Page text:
United States District Court, E.D. Michigan, Southern Division
Matthew A. Smith, Plaintiff,
Dominos Pizza, Defendant.
Anthony P. Patti Mag. Judge
OPINION AND ORDER GRANTING APPLICATION TO PROCEED
WITHOUT PREPAYING FEES OR COSTS , DENYING MOTION TO STAY
, AND DISMISSING CASE WITHOUT PREJUDICE
E. LEVY UNITED STATES DISTRICT JUDGE
Matthew Smith brings claims under the Americans with
Disability Act (“ADA”) and Title VII based on
defendant Dominos Pizza's failure to accommodate his
disability and for harassment in the workplace. Smith also
alludes to additional state law claims in his complaint and a
subsequent affidavit he filed with the Court.
requests permission to proceed without prepaying fees or
costs (in forma pauperis). (Dkt. 2.) The in
forma pauperis statute, 28 U.S.C. § 1915(a)(1)
states: “any court of the United States may authorize
the commencement . . . of any suit, action or proceeding . .
. without prepayment of fees . . . by a person who submits an
affidavit that includes a statement . . . that the person is
unable to pay such fees.” Smith's application to
proceed without prepaying fees indicates he currently has no
earnings and few assets. The Court therefore grants his
application to proceed in forma pauperis.
in forma pauperis statute continues. It mandates
dismissal of a case brought in forma pauperis
“at any time if the court determines that . . . the
action or appeal . . . fails to state a claim on which relief
may be granted.” 28 U.S.C. § 1915(e)(2).
Smith's complaint fails to state a claim at this time and
is therefore dismissed.
employee may not file a suit under the ADA if he or she does
not possess a right-to-sue letter from the EEOC because he or
she has not exhausted his or her remedies.” Parry
v. Mohawk Motors of Mich., Inc., 236 F.3d 299, 309 (6th
Cir. 2000) (citing 42 U.S.C. § 2000e-5(f)(1); 42 U.S.C.
§ 12117(a) (procedures from § 2000e-5 apply to ADA
claims)). The same is true for a claim under Title VII.
Mayers v. Sedgwick Claims Mgmt. Servs., 101 Fed.
App'x 591, 593 (6th Cir. 2004) (“Before filing a
Title VII claim, a plaintiff must receive a right-to-sue
letter from the Equal Employment Opportunity Commission
(EEOC) and then file suit within ninety days after receiving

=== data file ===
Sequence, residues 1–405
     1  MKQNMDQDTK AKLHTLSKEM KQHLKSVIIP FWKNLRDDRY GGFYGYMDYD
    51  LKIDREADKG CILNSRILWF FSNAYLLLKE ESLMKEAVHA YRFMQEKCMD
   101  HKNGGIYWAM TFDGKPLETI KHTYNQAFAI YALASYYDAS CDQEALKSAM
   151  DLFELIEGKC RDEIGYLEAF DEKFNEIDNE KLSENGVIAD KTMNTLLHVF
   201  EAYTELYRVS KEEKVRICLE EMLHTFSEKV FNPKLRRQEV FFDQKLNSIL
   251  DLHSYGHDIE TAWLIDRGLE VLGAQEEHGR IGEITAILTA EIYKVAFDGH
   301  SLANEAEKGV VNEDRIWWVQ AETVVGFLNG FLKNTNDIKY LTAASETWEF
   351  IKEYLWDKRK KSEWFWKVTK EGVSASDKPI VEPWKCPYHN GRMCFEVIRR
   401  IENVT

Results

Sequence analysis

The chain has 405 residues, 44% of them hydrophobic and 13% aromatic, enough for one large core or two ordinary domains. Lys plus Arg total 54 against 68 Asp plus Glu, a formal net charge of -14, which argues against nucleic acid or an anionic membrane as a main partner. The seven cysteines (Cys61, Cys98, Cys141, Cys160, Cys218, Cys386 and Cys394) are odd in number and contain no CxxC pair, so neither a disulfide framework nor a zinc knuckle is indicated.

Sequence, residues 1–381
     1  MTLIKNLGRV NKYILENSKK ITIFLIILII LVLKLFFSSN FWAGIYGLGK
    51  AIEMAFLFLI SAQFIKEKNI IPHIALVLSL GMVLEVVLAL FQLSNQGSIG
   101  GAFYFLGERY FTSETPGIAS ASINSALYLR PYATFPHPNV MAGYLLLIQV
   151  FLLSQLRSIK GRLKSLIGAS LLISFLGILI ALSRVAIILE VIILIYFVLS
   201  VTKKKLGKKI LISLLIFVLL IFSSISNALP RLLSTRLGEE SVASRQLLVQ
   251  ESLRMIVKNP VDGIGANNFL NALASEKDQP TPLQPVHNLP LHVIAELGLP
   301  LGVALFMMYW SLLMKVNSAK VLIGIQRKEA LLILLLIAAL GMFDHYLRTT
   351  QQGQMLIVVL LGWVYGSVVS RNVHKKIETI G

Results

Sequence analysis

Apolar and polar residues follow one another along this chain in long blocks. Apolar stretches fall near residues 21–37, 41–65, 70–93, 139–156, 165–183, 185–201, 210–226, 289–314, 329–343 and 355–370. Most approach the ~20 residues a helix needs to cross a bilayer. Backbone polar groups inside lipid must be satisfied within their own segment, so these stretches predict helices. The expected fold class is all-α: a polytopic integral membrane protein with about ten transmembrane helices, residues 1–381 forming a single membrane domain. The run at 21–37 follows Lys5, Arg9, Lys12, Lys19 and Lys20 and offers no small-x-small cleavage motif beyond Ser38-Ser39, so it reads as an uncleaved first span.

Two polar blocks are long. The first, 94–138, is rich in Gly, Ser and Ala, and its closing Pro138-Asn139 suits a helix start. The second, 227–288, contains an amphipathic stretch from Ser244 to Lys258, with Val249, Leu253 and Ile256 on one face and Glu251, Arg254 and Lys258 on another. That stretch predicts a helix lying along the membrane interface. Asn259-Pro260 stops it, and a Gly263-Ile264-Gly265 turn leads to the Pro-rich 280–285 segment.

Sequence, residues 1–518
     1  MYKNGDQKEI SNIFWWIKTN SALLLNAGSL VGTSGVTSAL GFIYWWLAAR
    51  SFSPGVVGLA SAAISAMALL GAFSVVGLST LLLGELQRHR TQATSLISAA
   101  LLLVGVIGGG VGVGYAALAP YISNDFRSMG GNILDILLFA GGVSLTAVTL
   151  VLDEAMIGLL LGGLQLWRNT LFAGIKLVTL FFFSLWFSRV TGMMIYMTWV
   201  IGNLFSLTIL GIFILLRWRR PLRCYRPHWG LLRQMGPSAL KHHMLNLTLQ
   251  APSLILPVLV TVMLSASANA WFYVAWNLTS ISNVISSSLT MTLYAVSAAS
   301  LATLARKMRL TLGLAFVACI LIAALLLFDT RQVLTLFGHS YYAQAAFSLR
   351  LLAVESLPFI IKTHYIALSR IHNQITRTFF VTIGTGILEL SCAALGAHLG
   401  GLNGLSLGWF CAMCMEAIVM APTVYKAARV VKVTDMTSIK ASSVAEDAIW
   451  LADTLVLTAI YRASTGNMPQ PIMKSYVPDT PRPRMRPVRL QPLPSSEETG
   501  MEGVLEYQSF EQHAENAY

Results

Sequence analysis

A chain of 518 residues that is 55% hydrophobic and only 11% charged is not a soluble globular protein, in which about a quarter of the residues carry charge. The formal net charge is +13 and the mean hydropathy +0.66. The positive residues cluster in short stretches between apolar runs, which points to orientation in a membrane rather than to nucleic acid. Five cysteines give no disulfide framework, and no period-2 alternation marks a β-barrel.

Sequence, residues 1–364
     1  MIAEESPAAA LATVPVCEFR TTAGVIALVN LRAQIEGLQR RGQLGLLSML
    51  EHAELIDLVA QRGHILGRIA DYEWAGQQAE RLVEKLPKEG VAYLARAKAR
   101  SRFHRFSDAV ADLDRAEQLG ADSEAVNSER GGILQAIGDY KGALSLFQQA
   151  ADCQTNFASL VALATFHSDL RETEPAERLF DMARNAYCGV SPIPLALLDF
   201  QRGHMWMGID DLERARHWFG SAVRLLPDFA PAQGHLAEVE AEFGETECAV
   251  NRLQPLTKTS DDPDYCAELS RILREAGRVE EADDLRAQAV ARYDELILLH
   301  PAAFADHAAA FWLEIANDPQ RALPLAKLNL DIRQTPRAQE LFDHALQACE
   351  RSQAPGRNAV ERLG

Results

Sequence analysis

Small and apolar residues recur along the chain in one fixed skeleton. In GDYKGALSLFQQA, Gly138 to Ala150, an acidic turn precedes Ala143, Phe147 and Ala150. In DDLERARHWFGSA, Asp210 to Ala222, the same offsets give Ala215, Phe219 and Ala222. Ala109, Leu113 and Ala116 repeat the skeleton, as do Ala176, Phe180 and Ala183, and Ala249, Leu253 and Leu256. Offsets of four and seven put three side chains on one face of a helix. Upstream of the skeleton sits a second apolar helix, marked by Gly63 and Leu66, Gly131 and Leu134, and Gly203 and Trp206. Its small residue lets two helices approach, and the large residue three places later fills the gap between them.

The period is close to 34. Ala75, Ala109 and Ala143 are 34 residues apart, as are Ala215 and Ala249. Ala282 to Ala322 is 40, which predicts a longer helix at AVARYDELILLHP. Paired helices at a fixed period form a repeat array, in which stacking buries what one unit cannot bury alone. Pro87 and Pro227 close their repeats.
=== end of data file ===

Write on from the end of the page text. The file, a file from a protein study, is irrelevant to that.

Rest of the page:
the right-to-sue letter.” (citing 42 U.S.C. §
2000e-5(e) and (f)). Smith represents to the Court that he
filed a timely charge with the EEOC. But he indicates he has
not yet received his right-to-sue letter. (Dkt. 1 at 5.) He
must wait until he has received the right-to-sue letter
before bringing his case in federal court. The ADA and Title
VII claims are premature and are therefore dismissed.
extent Smith alludes to various state law claims, they are
insufficiently pleaded. First, he checks the box for
“Other federal law” and indicates negligence. He
alleges “[t]here was Negligent Hiring and Retention . .
. [and] Negligent Training.” (Dkt. 1 at 7.) In a
separate affidavit, he also indicates he may be intending to
bring a claim of intentional infliction of emotional distress
state a claim upon which relief can be granted, plaintiff
must plausibly plead the elements of the claims asserted.
Negligence and negligent hiring are state law claims. In
addition to pleading the elements of negligence, a claim of
negligent hiring, retention, or supervision requires a
showing that “the employer . . . [brought] an employee
into contact with a member of the public despite knowledge
that doing so was likely to end poorly.” Mueller v.
Brannigan Bros. Rests. & Taverns LLC, 323 Mich.App.
566, 574 (2018) (citing Hersh v. Kentfield Builders,
Inc., 385 Mich. 410, 417 (1971)). This requires the
employers “actual or constructive knowledge” of
previous wrongs of the employee. Id. at
And IIED, also a state law claim, requires a plaintiff to
demonstrate “(1) extreme and outrageous conduct, (2)
intent or recklessness, (3) causation, and (4) severe
emotional distress.” Graham v. Ford, 237
Mich.App. 670, 674 (1999).
Smith has not provided sufficient factual allegations
regarding defendant's knowledge and the alleged negligent
hiring, retention, or training to state a claim under this
theory. Moreover, if he wishes to bring a claim of IIED he
must do so in his complaint-rather than a separate affidavit
as he has done here-and must provide enough factual
allegations to plausibly set forth the elements cited above.
His current complaint does not state a claim under either
theory and so must be dismissed.
Smith filed a motion to stay his case for 120 days so that he
could “get [his] finances clear, attain counsel, and
put [his] case together.” (Dkt. 3.) Because the Court
must dismiss the case under 28 U.S.C. § 1915(e)(2), this
motion becomes moot and the Court need not address it.
However, this dismissal is without prejudice, which
means Smith is permitted to bring the case again. For his ADA
and Title VII claims, however, he must wait for a
right-to-sue letter before filing a federal case.
the Court GRANTS Smith's motion to
proceed in forma pauperis (Dkt. 2), DENIES
his motion to stay (Dkt. 3) as moot, and
DISMISSES the case without prejudice.